1 .Antlers grow on most members of the deer family. The deer family includes moose, mule deer, white-tailed deer, elk, and caribou.
2. Elk velvet antler is considered a renewable and eco-friendly resource. Unlike horns, antlers shed every year, therefore utilizing their velvet as a medical resource is not cruel to the animals.
3. During the velvet stage, antlers can grow up to 1 inch per day. Elk antlers are among the fastest growing animal tissue on the planet.
4. All antlered animals have a velvet phase. This phase helps antler growth because it provides a blood supply to the growing bone.
5. Before breeding season occurs, the velvet on the elk’s antlers dries up and it is rubbed off on vegetation in as little as 24 hours.
6. Breeding season for elk generally occurs in late summer or early fall. During breeding season, males use their antlers to display dominance. Females typically want to mate with males who have the largest antlers. To appear larger, males will sometimes carry vegetation on their antlers.
7. After the rut (breeding season) elk will shed their antlers. When elk naturally shed their antlers, the pedicles (the bony protrusions on the elk’s skull where the antlers grow) are often injured. After 1-2 weeks of healing, a new set of antlers starts to grow. If the pedicles are damaged, the next set of antlers will most likely grow asymmetrically.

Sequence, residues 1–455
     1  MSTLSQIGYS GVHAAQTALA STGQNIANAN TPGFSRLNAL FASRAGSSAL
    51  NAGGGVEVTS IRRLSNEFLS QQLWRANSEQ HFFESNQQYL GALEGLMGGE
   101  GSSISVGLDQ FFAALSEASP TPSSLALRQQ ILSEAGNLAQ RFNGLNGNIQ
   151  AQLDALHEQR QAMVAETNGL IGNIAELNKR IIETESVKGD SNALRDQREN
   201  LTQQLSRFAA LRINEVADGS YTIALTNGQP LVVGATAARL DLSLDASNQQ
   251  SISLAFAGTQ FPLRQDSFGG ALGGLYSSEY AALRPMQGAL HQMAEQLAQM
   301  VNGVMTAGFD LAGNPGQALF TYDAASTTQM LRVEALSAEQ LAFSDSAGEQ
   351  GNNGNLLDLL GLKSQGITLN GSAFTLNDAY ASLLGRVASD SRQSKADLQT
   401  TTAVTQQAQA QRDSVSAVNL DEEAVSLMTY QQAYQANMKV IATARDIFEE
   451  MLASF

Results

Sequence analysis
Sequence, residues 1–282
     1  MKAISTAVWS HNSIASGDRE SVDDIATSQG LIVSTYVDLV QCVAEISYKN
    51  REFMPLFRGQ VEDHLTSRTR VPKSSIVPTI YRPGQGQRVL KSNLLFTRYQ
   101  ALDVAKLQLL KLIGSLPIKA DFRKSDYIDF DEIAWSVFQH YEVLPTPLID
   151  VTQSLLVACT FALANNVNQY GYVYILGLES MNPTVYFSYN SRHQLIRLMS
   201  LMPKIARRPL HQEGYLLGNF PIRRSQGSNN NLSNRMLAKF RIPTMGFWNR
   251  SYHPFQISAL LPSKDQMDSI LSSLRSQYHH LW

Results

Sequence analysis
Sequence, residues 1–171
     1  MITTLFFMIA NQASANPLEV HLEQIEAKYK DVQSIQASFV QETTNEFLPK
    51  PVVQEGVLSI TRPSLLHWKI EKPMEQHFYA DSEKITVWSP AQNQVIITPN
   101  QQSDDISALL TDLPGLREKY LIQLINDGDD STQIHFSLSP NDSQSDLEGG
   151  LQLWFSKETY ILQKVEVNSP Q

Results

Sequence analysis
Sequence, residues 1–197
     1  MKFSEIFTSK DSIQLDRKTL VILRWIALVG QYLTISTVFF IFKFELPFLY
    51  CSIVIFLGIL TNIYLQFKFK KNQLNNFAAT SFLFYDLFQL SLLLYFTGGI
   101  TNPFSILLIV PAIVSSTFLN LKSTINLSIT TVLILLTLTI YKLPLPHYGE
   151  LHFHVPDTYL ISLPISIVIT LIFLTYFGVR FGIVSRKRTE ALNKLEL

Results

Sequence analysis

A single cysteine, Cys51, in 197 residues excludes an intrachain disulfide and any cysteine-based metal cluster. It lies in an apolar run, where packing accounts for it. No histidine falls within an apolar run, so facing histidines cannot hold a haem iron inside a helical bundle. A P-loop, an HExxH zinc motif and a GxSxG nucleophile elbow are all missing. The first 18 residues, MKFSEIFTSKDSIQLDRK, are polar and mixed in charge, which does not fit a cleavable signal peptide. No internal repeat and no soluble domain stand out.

8. Antlers grow from the tip. Whereas horns grow from the base of the animal’s head.
9. Genetics, nutrition, overall health, and age affect how big an elk’s antlers will grow. Asymmetrical antlers are signs of malfunctions, health issues or injuries. Females are typically attracted to males with symmetrical antlers.
10. The life expectancy of a male elk is only half of a cow elk. Annual antler regrowth is a large contributing factor to this shorter life expectancy because the shedding process decreases the male’s energy and calcium reserves.
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